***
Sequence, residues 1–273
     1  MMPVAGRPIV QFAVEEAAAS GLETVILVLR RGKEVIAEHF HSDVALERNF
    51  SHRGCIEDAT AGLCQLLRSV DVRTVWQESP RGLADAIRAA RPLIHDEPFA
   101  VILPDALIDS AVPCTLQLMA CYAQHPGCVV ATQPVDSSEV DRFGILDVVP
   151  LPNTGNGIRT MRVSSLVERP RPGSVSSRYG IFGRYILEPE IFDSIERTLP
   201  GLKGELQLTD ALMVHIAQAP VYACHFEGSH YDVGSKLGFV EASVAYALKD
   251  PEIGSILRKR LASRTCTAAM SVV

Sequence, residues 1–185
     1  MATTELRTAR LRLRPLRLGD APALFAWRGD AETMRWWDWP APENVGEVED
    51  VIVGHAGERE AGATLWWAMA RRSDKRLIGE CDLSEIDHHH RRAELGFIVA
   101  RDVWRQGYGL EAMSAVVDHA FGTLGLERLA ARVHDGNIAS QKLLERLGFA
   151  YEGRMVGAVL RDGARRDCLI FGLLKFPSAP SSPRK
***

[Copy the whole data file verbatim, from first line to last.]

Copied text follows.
Sequence, residues 1–273
     1  MMPVAGRPIV QFAVEEAAAS GLETVILVLR RGKEVIAEHF HSDVALERNF
    51  SHRGCIEDAT AGLCQLLRSV DVRTVWQESP RGLADAIRAA RPLIHDEPFA
   101  VILPDALIDS AVPCTLQLMA CYAQHPGCVV ATQPVDSSEV DRFGILDVVP
   151  LPNTGNGIRT MRVSSLVERP RPGSVSSRYG IFGRYILEPE IFDSIERTLP
   201  GLKGELQLTD ALMVHIAQAP VYACHFEGSH YDVGSKLGFV EASVAYALKD
   251  PEIGSILRKR LASRTCTAAM SVV

Sequence, residues 1–185
     1  MATTELRTAR LRLRPLRLGD APALFAWRGD AETMRWWDWP APENVGEVED
    51  VIVGHAGERE AGATLWWAMA RRSDKRLIGE CDLSEIDHHH RRAELGFIVA
   101  RDVWRQGYGL EAMSAVVDHA FGTLGLERLA ARVHDGNIAS QKLLERLGFA
   151  YEGRMVGAVL RDGARRDCLI FGLLKFPSAP SSPRK